• The second group of remedial orders (#7 and #8) give Android users the right to deinstall any preinstalled apps, and to select a different default search engine (and to be able to do so easily and conveniently). Those basic user rights are neither overreaching nor unprecedented: in fact, it shouldn't even have taken the CCI order to get there. So Google should not win a stay or reversal with respect to those rights. It is possible that many Indian users will then use local competitor apps and search services to a greater extent, and that may in the long run require Google to look to other revenue sources (particularly license fees from device makers), but I don't see a doomsday scenario: it would be a slow and smooth transition.

  • Finally, the third group of remedies addresses the rights of app developers (while also being beneficial to consumers, of course): third-party app stores and a level playing field for direct installs (somewhat pejoratively called "sideloading"). Those measures are absolutely needed. Chances are that Google will charge app developers anyway, and that's an issue that would have to be addressed separately, especially within the framework of the second CCI Google decision. What Google is really afraid of here is that India may become a test market that proves how well open app markets work--at a time when the European Union is working on the implementation of its Digital Markets Act (DMA) and the UK is about to start the legislative process on a similar measure that will give the Competition & Market Authority's (CMA) Digital Markets Unit (DMU) an additional tool to ensure competition in digital markets.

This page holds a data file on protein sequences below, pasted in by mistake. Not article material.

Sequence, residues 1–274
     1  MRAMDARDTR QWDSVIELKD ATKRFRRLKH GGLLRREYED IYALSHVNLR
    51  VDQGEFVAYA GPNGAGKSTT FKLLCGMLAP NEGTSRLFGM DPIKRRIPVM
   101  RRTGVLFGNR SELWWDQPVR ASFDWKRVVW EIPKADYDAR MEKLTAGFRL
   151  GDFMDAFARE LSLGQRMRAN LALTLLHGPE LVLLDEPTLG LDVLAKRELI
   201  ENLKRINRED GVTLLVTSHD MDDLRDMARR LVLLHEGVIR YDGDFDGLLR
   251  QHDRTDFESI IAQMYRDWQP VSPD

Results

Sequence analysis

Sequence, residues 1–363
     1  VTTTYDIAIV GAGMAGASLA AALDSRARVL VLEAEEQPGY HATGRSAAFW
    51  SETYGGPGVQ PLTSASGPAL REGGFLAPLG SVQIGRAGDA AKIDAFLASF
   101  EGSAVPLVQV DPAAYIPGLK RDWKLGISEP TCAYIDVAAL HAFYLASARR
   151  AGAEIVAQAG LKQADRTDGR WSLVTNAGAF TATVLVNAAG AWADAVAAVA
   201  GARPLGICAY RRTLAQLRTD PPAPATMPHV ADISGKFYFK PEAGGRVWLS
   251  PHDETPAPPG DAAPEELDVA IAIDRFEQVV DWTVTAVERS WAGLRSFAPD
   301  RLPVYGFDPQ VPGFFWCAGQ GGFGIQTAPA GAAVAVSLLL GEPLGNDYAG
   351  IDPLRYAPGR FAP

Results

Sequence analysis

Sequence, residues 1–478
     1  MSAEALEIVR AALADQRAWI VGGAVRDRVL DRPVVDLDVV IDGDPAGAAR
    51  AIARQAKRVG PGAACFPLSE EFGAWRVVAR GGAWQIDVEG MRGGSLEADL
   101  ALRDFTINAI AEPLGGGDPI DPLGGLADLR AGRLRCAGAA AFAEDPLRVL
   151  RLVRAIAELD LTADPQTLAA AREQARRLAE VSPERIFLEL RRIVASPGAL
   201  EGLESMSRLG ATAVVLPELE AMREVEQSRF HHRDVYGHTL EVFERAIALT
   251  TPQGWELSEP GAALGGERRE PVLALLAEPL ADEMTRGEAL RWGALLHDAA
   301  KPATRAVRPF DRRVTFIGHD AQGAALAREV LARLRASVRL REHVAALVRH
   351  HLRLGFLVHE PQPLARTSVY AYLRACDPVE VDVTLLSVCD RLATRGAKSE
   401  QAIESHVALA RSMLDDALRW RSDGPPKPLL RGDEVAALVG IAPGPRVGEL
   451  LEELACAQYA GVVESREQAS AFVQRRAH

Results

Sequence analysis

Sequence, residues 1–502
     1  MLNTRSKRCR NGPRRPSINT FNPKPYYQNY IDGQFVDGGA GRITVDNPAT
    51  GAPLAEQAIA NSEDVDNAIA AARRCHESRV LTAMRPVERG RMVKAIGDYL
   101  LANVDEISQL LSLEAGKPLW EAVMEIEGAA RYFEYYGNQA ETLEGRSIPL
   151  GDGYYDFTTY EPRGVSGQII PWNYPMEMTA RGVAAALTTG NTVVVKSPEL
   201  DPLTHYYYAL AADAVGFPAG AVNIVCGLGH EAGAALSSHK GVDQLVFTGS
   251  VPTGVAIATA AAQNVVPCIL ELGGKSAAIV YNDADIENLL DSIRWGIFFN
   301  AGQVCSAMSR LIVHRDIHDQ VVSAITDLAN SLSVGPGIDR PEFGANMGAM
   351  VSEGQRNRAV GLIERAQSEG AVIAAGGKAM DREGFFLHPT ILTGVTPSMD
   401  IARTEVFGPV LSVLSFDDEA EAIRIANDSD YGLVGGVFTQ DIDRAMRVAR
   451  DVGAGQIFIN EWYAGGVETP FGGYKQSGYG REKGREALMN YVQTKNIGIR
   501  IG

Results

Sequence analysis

I support Google with respect to a potential stay of six of the ten remedial orders, but not on the remaining four items. And I believe Google should actually embrace any opportunity to make Android more open, which is the only way it can turn around Android's decline in the U.S. market (which obviously has some rather different characteristics from the Indian market).